-Emma

  • Yes the liquid leading is pretty easy to use and allows for complete flexibility with your designs so I sort of love it. Of course, it doesn’t look quite as legit as real stain glass, but it’s not too shabby if you ask me. 🙂 I just love how my bottles turned out and I’m already dreaming up other faux stained glass ideas as I really want to make some gifts next.

    -Emma

  • Yes-wine bottles are perfect, especially with the clear glass. If you use any green glass bottles you’ll have to tell me how it goes as I’m curious how it would effect most colors.

    -Emma

  • Aren’t those marble ring dishes fun?! Just love all the colors you get to play with.

    -Emma

  • I’m the same—total cactus sucker over here. 🙂

    -Emma

  • These look so cute!!

    I have a tip for this, maybe somebody will like it: if you can’t find that kind of paint, you can use regular paint mixed with a bit of glue (the regular white glue you use for paper). Works wonders and the end result is pretty (I’ve done both and they do look different, the mix I mention has a matte finish, but I like them both).

  • What a fun project! It’s the perfect little forever alive cactus garden. 😉

  • These are adorable!! I especially love how you stringed the lights through them! XX

    http://hannahhappily.blogspot.com

  • This is a lovely DIY – I had no idea liquid leading even existed. Definitely on the to do list now! xx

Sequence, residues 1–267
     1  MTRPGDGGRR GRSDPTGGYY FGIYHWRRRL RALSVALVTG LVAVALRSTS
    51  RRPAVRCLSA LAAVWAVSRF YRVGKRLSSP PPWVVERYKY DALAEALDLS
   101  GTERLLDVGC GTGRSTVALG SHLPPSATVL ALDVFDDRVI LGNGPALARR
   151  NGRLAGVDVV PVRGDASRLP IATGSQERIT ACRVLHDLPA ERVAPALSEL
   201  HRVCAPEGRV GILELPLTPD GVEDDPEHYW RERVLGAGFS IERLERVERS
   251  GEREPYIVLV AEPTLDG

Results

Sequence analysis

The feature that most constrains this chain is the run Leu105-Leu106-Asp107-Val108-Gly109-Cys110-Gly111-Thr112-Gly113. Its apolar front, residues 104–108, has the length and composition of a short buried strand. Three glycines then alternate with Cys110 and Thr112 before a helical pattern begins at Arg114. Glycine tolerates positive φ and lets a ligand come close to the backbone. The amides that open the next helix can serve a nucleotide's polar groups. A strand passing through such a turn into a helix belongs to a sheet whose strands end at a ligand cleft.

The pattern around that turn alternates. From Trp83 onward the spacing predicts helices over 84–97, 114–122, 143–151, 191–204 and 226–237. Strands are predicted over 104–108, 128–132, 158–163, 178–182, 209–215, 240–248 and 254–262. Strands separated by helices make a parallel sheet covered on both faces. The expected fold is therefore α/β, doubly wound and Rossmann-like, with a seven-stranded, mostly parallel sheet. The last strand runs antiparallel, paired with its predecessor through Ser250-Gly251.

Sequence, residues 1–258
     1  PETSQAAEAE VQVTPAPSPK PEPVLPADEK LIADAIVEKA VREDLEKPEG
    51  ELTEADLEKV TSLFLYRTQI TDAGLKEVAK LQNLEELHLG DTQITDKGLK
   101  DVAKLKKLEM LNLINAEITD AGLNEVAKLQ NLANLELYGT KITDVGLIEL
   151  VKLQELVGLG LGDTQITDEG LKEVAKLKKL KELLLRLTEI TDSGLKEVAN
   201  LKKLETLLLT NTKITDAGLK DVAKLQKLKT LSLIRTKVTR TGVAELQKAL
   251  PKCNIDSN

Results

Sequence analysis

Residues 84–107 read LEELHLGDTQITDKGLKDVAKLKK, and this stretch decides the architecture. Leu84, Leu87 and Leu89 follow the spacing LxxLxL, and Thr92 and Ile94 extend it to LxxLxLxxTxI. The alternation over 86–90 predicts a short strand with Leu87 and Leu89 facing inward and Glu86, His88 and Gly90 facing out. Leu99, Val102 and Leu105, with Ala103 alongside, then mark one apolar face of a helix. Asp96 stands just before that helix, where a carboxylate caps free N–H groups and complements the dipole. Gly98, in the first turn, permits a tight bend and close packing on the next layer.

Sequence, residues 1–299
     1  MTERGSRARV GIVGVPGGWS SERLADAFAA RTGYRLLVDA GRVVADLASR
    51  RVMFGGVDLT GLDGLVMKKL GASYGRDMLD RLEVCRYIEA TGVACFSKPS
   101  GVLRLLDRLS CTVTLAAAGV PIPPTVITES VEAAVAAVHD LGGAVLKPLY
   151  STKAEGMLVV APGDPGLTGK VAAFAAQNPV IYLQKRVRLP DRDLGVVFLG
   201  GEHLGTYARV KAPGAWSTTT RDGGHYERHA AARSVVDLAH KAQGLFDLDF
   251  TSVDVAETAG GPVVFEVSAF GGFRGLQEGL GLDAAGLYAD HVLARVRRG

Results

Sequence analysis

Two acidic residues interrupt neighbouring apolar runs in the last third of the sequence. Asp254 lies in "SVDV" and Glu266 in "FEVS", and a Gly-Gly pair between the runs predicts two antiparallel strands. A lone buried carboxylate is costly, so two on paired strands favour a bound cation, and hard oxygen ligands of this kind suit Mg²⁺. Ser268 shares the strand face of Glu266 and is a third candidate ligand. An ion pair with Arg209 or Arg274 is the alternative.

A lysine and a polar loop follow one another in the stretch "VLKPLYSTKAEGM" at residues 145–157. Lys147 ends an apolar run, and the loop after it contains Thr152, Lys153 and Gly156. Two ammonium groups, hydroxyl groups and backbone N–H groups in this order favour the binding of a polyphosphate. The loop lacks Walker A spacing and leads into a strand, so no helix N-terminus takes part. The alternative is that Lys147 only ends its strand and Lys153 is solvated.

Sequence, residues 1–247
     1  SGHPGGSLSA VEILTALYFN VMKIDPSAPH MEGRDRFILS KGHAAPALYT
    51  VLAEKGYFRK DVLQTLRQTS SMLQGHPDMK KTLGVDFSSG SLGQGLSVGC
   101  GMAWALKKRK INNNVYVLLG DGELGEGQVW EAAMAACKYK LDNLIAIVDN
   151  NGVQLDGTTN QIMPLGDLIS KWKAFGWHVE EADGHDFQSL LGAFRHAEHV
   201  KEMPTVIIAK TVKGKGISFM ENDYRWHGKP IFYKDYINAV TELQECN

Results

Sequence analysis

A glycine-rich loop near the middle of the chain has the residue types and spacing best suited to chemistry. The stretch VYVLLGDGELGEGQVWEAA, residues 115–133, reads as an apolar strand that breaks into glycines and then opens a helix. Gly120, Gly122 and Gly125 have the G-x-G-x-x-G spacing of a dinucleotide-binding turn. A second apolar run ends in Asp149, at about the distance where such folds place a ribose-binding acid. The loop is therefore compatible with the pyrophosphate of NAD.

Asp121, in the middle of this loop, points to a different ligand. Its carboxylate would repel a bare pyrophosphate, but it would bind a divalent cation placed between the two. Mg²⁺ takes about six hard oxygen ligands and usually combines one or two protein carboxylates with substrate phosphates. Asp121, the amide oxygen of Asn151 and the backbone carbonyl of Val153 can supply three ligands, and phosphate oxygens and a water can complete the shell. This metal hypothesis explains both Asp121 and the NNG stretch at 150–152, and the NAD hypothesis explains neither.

• These are so cute! Love them with the lights!

    Casey
    http://thedistrictfox.com

  • So darn cute! I love the lights strung throughout! Such a sweet idea!

    http://sometimesgracefully.com

  • Eeeek! I love this! I’m a sucker for anything cacti-related. I’m going to make this my next DIY project for our home.

    Thanks for the idea!

    <3
    Emory
    helloscarlettblog.com

  • Love this!! Been saving up wine bottles and now I’ve found the perfect project for them! Thank you so much as always!
    x Bex
    www.siamgempalaceblog.com

  • Great idea! Love how beautiful they look with the fairy lights inside them too, would make a brilliant christmas themed display. Bookmarked! xx

  • This is super cute! I did you marble ring dishes for my birthday party this year – this might be next year’s activity!

    Warm Regards,
    Alexandra
    www.littlewildheart.com

This site uses Akismet to reduce spam. Learn how your comment data is processed.